A desire “to be accepted and to fit in” was a factor, they suggest, “which influenced why some individuals looked to suppress their identity and ‘consent’ to practices or prayers which sought to remove the sins they were told they carried.”

A belief that demons cause homosexuality, and that rituals can allow gay individuals to be “healed”, is “not unusual or confined to this church”, the report observes.

“There are many other churches who believe in demonic possession, but most have strict criteria that must be followed when such spirits are discerned and/or when an ecclesiastical exorcism is considered necessary.”

They say that, in the Church of England, exorcisms may be carried out only by those authorised by the Bishop. There is, their report says, “no evidence that the church has ever sought permission from the Bishop in this respect or has ever needed to do so”.

IT WAS not until December 2020, a year after the initial complaint was made, that the diocese of Sheffield, in line with C of E guidance, decided to convene a core group to address the safeguarding concerns raised by Mr Drapper’s complaint. Both staffing changes and the impact of the pandemic are referred to as possible causes of the delay.

Besides looking at Mr Drapper’s complaint, Barnardo’s was commissioned to “review and assess current safeguarding arrangements in the Church to ensure that all areas of student and prayer ministry are conducted safely and without causing harm to any individual whatever their sexuality or theological position”.

This second report is dated 26 February 2024. In contrast to the response to the first part of their investigation, the consultants speak of a “constructive approach and a willingness to work with us to examine safeguarding arrangements in the Church and highlight where policies, procedures, and practice, going forward needed to change or be strengthened.”

The report identifies a number of changes that have taken place in recent years. Prayer ministry at the church ceased during the pandemic in 2020, and was only resumed in September 2023. It now takes place only at the front of the church after services. A prayer ministry protocol has been co-produced by church leaders and volunteers.

An executive summary records that the church “now makes clear that it neither permits nor endorses prayers which seek to change a person’s sexual orientation and prayer ministry teams are not permitted to refer to or discuss a person’s sexual identity”.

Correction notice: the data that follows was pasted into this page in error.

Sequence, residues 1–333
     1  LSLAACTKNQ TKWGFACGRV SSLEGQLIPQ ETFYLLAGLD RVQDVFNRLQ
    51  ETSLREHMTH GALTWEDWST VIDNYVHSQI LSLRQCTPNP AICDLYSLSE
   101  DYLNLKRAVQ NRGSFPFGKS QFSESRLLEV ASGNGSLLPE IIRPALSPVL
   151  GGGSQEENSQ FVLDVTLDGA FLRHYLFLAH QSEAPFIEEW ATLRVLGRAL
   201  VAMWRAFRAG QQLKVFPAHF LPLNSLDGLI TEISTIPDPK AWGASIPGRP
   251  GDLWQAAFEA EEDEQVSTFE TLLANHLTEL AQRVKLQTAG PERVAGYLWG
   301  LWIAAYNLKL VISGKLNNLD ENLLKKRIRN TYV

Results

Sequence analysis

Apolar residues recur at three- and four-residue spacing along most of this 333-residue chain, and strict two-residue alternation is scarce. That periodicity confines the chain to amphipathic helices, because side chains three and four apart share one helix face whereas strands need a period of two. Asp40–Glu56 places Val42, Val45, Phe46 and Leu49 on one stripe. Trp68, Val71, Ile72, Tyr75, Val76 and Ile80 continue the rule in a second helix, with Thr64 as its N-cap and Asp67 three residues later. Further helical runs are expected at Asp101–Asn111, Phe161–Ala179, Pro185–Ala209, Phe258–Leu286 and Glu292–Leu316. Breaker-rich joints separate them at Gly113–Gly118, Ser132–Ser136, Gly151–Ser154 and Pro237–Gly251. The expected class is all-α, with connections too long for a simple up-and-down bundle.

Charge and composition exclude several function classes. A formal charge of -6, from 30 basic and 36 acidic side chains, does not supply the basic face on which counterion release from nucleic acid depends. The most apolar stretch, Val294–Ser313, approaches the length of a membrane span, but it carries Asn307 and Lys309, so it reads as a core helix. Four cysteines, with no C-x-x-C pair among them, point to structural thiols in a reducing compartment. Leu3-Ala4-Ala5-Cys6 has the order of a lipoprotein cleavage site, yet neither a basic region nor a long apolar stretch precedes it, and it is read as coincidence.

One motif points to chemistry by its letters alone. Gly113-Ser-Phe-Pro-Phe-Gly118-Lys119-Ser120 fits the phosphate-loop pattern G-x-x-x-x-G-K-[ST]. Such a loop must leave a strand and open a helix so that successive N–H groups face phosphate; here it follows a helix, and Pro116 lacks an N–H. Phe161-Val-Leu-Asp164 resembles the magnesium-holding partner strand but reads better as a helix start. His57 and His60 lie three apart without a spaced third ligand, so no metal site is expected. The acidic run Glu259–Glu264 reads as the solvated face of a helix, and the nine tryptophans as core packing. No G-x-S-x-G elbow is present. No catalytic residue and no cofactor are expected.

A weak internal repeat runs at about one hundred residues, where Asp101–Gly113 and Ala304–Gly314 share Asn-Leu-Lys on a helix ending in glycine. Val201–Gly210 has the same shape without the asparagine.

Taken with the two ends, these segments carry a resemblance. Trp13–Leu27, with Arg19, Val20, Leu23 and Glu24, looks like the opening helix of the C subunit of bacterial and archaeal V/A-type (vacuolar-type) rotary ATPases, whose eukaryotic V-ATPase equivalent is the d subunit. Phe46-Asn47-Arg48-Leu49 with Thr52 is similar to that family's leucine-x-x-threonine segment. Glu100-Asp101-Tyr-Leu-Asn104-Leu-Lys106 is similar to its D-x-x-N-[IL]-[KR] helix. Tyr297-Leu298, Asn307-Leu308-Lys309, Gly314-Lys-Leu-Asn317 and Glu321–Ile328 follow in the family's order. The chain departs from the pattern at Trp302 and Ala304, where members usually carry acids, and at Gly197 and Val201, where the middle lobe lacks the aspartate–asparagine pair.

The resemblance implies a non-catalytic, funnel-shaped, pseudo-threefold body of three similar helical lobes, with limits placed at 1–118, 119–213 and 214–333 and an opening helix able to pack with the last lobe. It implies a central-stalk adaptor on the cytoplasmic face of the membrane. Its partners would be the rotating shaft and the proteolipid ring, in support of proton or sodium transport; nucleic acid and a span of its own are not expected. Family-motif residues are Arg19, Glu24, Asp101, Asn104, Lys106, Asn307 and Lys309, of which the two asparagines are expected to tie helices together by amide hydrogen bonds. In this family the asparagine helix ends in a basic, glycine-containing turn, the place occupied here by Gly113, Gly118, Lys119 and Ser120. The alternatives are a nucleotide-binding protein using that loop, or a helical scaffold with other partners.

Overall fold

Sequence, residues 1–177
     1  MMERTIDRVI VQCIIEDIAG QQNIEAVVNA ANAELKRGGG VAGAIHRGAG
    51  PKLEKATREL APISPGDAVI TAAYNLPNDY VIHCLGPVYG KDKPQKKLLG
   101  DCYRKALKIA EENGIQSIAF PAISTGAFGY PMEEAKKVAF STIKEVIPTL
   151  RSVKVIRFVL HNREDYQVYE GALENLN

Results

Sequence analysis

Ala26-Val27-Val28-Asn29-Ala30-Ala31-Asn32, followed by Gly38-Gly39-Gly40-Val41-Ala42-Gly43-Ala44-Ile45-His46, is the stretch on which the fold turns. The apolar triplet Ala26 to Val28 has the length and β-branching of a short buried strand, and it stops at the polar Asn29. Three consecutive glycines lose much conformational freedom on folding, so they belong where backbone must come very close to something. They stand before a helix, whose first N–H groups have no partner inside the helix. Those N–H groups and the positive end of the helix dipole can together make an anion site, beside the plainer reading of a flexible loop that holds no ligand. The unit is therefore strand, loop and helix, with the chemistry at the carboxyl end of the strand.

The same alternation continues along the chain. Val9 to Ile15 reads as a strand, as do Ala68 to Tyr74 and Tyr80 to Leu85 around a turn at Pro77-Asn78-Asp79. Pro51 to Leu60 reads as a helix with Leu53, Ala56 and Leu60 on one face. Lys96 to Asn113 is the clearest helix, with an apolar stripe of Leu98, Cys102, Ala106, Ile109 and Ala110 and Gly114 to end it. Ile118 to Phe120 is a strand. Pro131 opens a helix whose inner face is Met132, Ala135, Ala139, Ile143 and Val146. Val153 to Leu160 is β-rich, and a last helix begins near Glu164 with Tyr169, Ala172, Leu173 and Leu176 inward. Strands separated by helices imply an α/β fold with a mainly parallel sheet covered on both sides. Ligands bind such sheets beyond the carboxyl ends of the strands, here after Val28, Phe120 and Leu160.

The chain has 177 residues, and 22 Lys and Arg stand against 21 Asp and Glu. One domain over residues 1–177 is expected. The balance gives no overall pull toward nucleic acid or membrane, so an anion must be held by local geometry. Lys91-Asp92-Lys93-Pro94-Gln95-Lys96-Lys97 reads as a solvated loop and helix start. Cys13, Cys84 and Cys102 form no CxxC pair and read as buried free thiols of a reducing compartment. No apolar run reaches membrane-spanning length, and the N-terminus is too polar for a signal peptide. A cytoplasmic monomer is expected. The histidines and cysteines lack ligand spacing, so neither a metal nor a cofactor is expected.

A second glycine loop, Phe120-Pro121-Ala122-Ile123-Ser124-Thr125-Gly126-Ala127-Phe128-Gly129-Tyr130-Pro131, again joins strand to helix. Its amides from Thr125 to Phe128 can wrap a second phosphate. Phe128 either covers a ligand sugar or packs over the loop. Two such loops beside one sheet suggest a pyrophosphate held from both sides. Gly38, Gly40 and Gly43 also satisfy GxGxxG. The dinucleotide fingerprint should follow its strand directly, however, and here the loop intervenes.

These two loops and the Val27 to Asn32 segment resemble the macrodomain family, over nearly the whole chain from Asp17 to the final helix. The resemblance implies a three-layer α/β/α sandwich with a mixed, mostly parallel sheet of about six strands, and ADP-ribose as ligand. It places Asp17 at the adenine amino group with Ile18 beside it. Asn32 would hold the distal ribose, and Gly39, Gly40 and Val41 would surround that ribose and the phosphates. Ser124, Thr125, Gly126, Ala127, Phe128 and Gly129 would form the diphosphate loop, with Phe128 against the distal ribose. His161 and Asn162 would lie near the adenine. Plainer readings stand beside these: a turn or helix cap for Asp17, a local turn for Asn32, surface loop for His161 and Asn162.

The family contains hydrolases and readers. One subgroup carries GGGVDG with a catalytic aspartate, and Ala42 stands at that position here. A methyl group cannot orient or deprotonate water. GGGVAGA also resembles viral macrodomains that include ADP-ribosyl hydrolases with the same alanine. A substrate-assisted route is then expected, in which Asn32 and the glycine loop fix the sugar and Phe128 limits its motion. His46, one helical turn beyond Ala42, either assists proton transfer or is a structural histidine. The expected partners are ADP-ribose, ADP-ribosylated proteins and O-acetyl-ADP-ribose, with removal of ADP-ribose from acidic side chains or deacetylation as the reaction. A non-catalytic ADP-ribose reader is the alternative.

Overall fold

FORM no longer exists, Encounter with God weekends no longer take place, and the review was told that “interns are not required, and would not in future be required, to share deeply personal information about their past experiences and vulnerabilities.”

The consultants write of being told “on several occasions by different people that what happened ten years ago [in relation to MD’s complaint] was ‘then’, but the Church now has a different [and better] ‘feel’ under the current church leader.” While they were “unable to observe how prayer ministry is delivered”, they were “assured that practice has changed significantly in recent years”.

In their report, however, they raise several ongoing concerns. It remains unclear, for example, “how the Church will, going forward, ensure that prayer sessions are delivered in line with the prayer ministry protocol and that individuals, whatever their personal beliefs, comply with the Church’s policy and procedures on this issue”.

Among the 22 recommendations is that those delivering prayer ministry “should be able to demonstrate, through training, a trauma informed approach which understands that, however carefully managed, prayer sessions can re-trigger past traumas, and this can leave a person vulnerable”.

The reviewers also uncovered “a lack of accountability and managerial scrutiny at Board level in how safeguarding concerns are identified, addressed, and managed”. It would appear, they write, that there are “no records (other than some email trails) of discussions and decisions taken. We found Board minutes to be so minimal that we were unable to determine, from a safeguarding perspective, what information was shared with the Board and what discussions took place.”

Four years after Mr Drapper’s complaint, there was “still no formalised recording system which captured what safeguarding concerns or complaints had been made, how these had been addressed and by whom”.

The consultants write: “We were unable to view any case records and were informed that there had been relatively few safeguarding concerns or complaints reported in recent years. This is most unusual in an organisation of this size and especially one located in a relatively disadvantaged area.